— John Ling
The Malay Mail Online
July 2, 2014
JULY 2 — When the news first broke that a Malaysian diplomat had been accused of sexual assault in New Zealand, I was struck by that sharpest of emotions — shame. And soon enough, that shame deepened into disgust when official government correspondence was released. They appeared to show that diplomatic immunity had been used to sidestep a criminal conviction, and this was done at the expense of a young female victim.
This international incident has sent shockwaves through New Zealand society. Kiwis are famously known for their cheerful and unassuming nature. But, in this instance, they have grown increasingly vocal at what they perceive to be a miscarriage of justice. Anger has been directed primarily at the present National government for not pushing hard enough to prosecute the offender within New Zealand’s jurisdiction. Anger has also been directed at the Malaysian government for exploiting a loophole in the Vienna Convention that allowed them to fly the offender back to Malaysia.
To understand why this alleged crime has struck such a raw nerve with New Zealanders, you first have to understand this country’s history.
In 1893, New Zealand became the first country in the world to offer women the right to vote. Then, in 2001, it became the only country in the world where the top positions of power were all held by women — Prime Minister, Leader of the Opposition, Attorney General and Chief Justice.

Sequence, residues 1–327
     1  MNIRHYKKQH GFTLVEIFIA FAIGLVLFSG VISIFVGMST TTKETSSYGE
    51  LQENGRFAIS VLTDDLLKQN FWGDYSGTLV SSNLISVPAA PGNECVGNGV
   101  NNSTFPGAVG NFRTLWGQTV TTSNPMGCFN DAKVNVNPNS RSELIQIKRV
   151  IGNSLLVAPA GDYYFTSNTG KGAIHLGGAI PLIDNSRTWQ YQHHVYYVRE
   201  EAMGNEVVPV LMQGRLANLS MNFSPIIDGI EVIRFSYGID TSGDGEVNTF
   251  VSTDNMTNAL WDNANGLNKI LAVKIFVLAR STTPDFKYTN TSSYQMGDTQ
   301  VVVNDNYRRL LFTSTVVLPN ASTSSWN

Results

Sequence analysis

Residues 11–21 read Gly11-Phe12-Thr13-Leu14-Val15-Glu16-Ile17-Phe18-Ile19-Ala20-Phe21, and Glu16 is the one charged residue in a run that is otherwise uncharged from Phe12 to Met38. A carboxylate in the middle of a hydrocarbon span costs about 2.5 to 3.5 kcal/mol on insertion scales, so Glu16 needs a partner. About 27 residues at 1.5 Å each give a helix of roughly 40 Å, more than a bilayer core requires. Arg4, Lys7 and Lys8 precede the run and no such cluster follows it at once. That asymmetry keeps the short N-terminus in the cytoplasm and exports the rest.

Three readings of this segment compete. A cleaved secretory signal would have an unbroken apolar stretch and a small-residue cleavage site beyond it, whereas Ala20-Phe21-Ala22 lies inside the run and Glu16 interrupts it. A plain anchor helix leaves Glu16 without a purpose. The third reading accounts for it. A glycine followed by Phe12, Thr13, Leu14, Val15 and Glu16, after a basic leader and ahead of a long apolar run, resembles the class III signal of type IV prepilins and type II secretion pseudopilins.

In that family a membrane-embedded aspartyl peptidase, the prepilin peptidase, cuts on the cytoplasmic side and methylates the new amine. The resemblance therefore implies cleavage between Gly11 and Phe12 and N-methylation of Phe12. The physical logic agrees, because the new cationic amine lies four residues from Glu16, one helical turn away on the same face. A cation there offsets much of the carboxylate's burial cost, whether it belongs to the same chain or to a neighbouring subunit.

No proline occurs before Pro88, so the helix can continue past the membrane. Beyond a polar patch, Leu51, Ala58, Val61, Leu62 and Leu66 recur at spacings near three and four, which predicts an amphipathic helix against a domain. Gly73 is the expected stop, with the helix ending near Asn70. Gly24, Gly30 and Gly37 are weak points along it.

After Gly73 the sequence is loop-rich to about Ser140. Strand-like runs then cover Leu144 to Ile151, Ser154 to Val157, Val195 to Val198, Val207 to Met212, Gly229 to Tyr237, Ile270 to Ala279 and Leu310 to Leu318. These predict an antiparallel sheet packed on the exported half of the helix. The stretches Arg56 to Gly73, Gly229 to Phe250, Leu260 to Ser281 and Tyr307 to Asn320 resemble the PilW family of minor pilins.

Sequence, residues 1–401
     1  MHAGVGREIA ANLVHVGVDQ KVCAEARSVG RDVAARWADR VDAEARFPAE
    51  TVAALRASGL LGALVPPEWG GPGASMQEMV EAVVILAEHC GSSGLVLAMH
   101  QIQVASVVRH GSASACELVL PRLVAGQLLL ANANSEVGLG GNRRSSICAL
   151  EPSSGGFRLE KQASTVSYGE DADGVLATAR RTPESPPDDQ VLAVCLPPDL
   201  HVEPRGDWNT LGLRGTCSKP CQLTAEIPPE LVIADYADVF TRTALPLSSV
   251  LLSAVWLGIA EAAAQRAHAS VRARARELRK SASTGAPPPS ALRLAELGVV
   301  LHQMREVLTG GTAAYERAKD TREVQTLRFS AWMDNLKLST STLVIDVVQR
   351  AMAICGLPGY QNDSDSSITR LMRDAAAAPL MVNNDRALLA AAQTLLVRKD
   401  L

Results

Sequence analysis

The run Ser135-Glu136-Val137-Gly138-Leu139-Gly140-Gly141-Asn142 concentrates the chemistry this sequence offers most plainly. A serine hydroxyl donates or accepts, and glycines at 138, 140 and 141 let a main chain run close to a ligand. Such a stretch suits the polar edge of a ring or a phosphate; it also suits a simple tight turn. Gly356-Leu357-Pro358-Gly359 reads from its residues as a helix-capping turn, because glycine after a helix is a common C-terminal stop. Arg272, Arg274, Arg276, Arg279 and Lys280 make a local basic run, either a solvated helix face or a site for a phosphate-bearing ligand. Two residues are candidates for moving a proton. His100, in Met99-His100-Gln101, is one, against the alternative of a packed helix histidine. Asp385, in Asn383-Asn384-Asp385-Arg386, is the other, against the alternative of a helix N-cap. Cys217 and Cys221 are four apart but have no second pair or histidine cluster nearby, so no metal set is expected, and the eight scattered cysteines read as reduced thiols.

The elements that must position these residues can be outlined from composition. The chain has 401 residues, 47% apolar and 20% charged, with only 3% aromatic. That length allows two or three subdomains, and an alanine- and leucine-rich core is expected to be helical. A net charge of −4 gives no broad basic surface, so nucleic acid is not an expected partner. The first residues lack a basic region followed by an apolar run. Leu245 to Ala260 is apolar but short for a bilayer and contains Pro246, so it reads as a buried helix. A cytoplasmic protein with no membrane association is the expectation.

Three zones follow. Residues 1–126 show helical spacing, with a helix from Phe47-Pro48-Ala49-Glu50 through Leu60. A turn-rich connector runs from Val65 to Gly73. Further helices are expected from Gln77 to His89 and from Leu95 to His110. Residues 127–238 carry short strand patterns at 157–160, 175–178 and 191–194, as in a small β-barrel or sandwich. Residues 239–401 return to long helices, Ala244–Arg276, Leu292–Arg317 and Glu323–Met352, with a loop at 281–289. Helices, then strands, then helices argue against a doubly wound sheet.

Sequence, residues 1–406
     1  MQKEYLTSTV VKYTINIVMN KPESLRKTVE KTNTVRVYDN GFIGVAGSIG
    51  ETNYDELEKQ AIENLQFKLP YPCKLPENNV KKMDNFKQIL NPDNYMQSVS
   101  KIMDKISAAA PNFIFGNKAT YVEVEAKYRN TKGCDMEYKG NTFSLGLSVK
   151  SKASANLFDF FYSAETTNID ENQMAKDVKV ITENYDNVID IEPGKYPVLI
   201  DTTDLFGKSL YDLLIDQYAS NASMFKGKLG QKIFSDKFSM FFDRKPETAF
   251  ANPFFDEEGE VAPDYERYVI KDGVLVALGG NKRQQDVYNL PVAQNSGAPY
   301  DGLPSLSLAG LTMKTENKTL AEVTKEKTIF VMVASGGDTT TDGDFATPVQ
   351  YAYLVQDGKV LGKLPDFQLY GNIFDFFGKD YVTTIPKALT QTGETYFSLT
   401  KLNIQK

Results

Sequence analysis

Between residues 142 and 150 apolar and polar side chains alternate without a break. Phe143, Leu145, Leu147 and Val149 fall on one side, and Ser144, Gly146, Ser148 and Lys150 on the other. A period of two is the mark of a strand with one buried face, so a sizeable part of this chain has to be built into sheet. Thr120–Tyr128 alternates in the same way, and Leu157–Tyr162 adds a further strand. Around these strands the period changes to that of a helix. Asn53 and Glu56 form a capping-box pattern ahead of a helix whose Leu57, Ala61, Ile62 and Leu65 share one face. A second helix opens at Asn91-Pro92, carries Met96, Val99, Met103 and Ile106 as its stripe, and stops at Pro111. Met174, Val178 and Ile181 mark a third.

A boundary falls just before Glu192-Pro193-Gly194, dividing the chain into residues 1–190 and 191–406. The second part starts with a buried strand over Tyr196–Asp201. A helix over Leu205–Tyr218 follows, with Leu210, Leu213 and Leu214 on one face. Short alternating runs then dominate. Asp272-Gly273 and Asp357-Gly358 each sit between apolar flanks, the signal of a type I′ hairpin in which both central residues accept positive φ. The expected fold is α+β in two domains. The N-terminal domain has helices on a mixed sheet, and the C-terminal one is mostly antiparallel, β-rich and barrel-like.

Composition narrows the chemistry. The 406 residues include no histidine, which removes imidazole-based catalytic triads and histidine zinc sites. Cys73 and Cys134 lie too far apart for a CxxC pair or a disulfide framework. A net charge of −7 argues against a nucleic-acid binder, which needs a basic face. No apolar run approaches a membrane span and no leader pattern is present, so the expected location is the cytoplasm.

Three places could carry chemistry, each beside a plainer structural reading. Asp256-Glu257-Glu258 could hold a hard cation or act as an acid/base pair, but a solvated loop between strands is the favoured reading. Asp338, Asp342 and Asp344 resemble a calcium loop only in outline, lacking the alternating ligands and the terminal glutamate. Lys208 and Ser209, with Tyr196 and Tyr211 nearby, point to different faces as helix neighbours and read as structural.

The struggle for an egalitarian society occupies an almost mythic status in the New Zealand consciousness. People here are largely non-religious. Instead they follow common secular philosophy. They call it giving someone a “fair go”. It’s what every Kiwi child is expected to learn from a young age — no gender, no ethnicity, no dogma is allowed to supercede another. And the fight to advance women’s rights is placed on the same sacred pedestal as racial and marriage equality.
Little wonder, then, that New Zealanders should take this diplomatic incident as an affront to their values. It mocks over 120 years of liberal tradition. And this hurts all the more because Kiwis have traditionally held Malaysia in high regard. Malaysian restaurants are hugely popular here, and Malaysia Airlines has been a favoured carrier for Kiwis looking to travel to Asia.
Sadly, with the recent uptick in religious extremism, the catastrophic loss of MH370, and now this diplomatic faux pas, Malaysia’s reputation has now been called into question. There are now those whispering that this country is little more than a gangster state. A place where there’s no honesty; no integrity; no respect for women’s rights.
For the Malaysian community in New Zealand, this has placed us in the difficult position of having to act as apologists for the misdeeds of our bureaucrats. Rightly or wrongly, it now feels as if whatever age of innocence we once enjoyed is now long gone. “Malaysia Truly Asia” has become an ironic slogan for everything that’s wrong with our country of our birth.
For decades now, through times of war and peace, the New Zealand government has extended its hand of bilateral friendship. It has proven itself willing to give Malaysian citizens a fair go. We have come here as visitors, students and migrants, and throughout, Kiwis have been shown us nothing but warmth and generosity.
The onus now is on the Malaysian regime to prove that it is capable of reciprocating such friendship and goodwill. Only time will tell whether justice will be served fairly and impartially. The Malaysian community in New Zealand are hoping against hope that this will be the case.